Themistocles (ca. 528-462 B.C.), an Athenian political leader, was a brilliant commander and statesman who defeated Persia at sea and made Athens a great power.
Themistocles was the son of a middle-class Athenian father and a non-Athenian mother. Ability alone made him influential. He advocated resistance to Persia when some wanted appeasement, and he urged the development of Athens's navy when most trusted in its army. When elected chief magistrate in 493 B.C., he developed Piraeus for the first time as a naval base, and 10 years later, when his rivals had been eliminated by a series of ostracisms, he persuaded Athens to build a hundred warships from the profits of state-owned mines. When Persia invaded in 480 B.C., Athens had the largest navy in Greece. Themistocles insisted on using it fully at Artemisium and at Salamis, although his naval policy meant evacuating Athens and trusting in the "wooden walls" of its ships. He saw correctly that the liberty of Greece and the future of Athens depended on first defeating Persia at sea.
As representative of Athens on the Staff Council, Themistocles urged the Spartan commander of the Greek fleet to keep his advanced position in narrow waters at Salamis. When some captains wished to withdraw, Themistocles secretly informed Xerxes, the Persian king, of this dissension and advised him to attack, promising the aid of the Athenian fleet if he did attack. Xerxes attacked, thereby preventing the dispersal of the Greek fleet, and his much larger fleet was decisively defeated in the narrow waters by the ramming tactics of the Greek squadrons. Themistocles proposed that the Greeks sail to the Dardanelles, destroy the Persian pontoon bridge there, and cut the army's lines of supply and cause it to withdraw. The proposal was defeated, but he sent information of it to Xerxes, adding that he himself was responsible for its defeat.
Themistocles worked next for the rise of Athens at the expense of Sparta. He used his popularity as victor of Salamis to lull Sparta's suspicions as Athens rebuilt its fortifications in 479-478 B.C. against Sparta's wishes, and he openly opposed Sparta's ambitions in northern Greece. His plans for making Athens supreme at sea were implemented when Athens displaced Sparta in the command of the allied fleet, and his faith in democracy was put into effect by the rule of Pericles. But Themistocles himself fell out of favor. He was ostracized, probably in 472 B.C., and then exiled and condemned to death on a charge of being in Persia's pay. He made a dramatic escape to Persia, where he was appointed governor of Magnesia in Asia Minor. The Greek historian Thucydides said that Themistocles died a natural death, though some reported suicide. Later a tomb was built at Piraeus in honor of Themistocles's achievements. The salvation of Greece and the stature of Athens give the true measure of his greatness.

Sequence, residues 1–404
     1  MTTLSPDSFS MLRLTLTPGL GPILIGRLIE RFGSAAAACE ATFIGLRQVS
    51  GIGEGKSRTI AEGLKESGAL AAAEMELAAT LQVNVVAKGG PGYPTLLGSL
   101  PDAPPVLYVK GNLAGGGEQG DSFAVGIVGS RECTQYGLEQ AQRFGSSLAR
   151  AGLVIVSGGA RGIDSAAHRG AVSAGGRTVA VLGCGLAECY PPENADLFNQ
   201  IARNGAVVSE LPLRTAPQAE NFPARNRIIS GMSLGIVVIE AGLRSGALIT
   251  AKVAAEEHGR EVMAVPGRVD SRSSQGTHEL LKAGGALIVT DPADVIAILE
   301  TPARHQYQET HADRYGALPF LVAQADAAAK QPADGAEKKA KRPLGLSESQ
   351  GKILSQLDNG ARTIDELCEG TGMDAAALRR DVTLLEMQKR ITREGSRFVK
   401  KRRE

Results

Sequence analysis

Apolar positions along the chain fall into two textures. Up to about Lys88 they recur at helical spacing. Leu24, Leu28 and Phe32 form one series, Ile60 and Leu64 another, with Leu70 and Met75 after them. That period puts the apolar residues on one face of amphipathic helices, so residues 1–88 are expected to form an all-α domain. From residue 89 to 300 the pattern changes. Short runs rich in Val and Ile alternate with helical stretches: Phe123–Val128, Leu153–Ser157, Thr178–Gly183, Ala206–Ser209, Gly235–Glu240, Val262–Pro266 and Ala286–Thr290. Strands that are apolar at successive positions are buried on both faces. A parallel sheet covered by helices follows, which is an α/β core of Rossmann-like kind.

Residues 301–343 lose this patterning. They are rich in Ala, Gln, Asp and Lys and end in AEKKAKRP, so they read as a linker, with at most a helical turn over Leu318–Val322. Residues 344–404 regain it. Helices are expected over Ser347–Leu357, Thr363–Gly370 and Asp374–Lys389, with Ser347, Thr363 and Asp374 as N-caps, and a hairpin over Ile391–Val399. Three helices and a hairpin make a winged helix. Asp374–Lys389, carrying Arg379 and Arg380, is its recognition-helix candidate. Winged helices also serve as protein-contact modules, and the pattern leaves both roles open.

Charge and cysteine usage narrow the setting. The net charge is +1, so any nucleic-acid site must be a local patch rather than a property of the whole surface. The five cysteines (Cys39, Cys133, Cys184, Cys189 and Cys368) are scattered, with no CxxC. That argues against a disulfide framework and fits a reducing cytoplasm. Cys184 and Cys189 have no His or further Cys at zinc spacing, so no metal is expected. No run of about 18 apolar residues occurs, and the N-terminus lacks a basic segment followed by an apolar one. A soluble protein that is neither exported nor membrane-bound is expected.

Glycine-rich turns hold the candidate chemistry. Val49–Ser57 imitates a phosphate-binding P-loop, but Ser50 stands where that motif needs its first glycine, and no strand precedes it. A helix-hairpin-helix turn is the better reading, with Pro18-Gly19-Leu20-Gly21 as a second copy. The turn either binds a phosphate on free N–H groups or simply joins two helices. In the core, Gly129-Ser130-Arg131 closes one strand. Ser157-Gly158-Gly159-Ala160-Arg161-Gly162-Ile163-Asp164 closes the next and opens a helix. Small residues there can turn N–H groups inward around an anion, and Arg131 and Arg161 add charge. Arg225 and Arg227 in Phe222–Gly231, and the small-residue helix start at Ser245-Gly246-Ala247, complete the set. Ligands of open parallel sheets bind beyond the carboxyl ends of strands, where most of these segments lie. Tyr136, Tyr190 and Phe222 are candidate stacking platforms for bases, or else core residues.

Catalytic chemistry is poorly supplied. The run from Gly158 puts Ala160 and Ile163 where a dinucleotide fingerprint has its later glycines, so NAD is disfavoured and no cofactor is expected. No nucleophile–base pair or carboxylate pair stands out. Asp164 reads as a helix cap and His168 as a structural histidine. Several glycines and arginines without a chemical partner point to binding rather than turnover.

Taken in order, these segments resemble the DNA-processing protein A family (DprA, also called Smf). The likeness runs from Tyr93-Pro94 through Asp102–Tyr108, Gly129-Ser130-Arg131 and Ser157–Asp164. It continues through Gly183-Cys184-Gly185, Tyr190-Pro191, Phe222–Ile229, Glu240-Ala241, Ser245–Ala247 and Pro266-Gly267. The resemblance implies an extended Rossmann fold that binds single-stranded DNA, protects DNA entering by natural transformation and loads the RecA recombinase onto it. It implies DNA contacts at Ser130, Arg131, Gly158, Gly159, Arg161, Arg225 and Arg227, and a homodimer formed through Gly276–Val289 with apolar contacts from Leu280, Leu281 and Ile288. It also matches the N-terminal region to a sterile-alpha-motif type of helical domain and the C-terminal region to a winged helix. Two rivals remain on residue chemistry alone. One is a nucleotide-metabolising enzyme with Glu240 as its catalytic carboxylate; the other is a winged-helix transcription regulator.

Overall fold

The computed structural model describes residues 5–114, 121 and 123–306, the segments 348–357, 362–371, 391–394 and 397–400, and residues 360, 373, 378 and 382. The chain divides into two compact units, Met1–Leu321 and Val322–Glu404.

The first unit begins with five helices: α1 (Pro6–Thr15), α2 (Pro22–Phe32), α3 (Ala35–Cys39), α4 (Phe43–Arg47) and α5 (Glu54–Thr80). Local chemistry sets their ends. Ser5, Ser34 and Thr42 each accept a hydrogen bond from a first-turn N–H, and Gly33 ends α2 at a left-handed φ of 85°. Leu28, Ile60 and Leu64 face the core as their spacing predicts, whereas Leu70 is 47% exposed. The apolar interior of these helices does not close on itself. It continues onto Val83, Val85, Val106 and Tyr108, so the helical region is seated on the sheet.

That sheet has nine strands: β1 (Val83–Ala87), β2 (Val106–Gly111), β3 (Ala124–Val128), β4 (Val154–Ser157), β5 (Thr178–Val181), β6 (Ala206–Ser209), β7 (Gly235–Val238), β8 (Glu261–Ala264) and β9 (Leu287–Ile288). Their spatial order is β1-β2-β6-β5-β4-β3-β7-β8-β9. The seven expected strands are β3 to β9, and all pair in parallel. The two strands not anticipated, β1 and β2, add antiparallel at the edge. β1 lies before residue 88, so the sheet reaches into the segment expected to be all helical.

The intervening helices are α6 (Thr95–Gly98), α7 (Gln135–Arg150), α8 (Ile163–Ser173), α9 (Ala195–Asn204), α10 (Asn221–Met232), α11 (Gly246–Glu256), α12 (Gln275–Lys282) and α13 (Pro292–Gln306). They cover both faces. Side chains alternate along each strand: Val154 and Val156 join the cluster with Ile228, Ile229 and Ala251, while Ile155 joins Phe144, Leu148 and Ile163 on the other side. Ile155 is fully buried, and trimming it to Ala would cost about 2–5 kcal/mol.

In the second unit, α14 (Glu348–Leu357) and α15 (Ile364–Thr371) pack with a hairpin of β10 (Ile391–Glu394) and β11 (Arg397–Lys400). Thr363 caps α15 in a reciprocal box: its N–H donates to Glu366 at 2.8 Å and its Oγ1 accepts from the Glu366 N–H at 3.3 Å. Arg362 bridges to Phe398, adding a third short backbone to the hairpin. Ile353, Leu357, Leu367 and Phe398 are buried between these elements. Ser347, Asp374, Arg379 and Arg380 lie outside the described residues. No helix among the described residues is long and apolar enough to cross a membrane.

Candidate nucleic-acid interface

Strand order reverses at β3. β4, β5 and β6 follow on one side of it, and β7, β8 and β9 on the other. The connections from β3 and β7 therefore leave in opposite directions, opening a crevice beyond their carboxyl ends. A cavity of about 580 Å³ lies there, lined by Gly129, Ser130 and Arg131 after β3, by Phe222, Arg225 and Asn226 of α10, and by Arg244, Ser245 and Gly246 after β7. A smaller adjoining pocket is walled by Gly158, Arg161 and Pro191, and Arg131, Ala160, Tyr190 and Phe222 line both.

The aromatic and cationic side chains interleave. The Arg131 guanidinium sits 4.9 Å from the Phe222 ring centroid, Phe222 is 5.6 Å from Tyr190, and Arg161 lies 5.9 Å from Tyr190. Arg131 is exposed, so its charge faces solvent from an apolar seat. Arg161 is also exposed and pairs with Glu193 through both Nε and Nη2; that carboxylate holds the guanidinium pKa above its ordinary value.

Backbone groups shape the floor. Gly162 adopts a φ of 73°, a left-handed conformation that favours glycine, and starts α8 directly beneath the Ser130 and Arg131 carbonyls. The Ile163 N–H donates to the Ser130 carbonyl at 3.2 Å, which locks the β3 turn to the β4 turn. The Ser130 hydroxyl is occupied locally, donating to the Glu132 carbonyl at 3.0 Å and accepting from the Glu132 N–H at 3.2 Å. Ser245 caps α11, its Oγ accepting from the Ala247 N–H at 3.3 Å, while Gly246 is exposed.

Ancient sources on Themistocles are Herodotus, Thucydides, and Plutarch. A modern source is Charles Hignett's Xerxes' Invasion of Greece (1963), which contains a useful bibliography.
Lenardon, Robert J., The saga of Themistocles, London: Thames & Hudson, 1978. □
Circa 524-460 b.c.e.
Athenian statesman and naval commander
Hero or Villain? The most controversial figure in the Greeks’ struggle against the Persians was Themistocles. One historian, Herodotus, accused him of corruption; another, Thucydides, admired him for his far-sightedness and thought him one of the greatest men of his generation. Whatever the historical verdict, Themistocles is one of several Athenian leaders whose great accomplishments only seem to have foreshadowed their downfall at the hands of the people.
Early Life. Historians believe that the family origins of Themistocles made him have strong democratic sympathies. While his father, Neocles, belonged to the aristocratic Lycomid family, his mother was a concubine and possibly not even Greek. As a result, Themistocles did not receive citizenship until 508, when Cleisthenes made it possible for all free men in Athens to become citizens.
Naval Program. In 493 he was elected archon and soon thereafter initiated a series of naval reforms. He ordered the development of the harbor at Piraeus and in 482 requisitioned a large surplus of silver for the enlargement of the fleet to two hundred triremes. In 480 he interpreted a saying of the oracles of Apollo that predicted Greek victory over the Persians so long as the Greeks put faith in Athens’ “wooden wall,” its fleet of ships. He commanded the combined Greek navy at the Battle of Artemisium, and although it had to retreat, the fleet inflicted heavy losses upon the Persians. Later that same year at Salamis, Themistocles won a stunning victory when he lured the Persians into narrow straits where their superior numbers only caused confusion. He gained tremendous honors around the Greek world for these accomplishments.
Ostracism. Despite this glory, within ten years Themistocles lost favor with the people. His plans to move the capital to Piraeus and to reduce the powers of the Areopagus met with resistance, and he was ostracized from Athens. He lived in Argos for some time, but when evidence appeared that he might be conspiring with the Persians, he was condemned to death by the Spartans. He fled first to the west and then to the east. In a strange twist of events, he finally found refuge with the king of Persia, his former enemy, who made him a provincial governor of several Greek cities in Asia Minor.
A. R. Burn, Persia and the Greeks: The Defence of the West, c. 546-478 b.c.e. (New York: St. Martin’s Press, 1962).
Peter Green, The Year of Salamis, 480-479 B.C.E. (London: Weidenfeld & Nicolson, 1970).
Herodotus, The Histories, translated by W. Blanco and J. Roberts (New York: Norton, 1992).
Thucydides, The Peloponnesian War, translated by Rex Warner (Harmonds-worth, U.K.: Penguin, 1954; revised, 1972).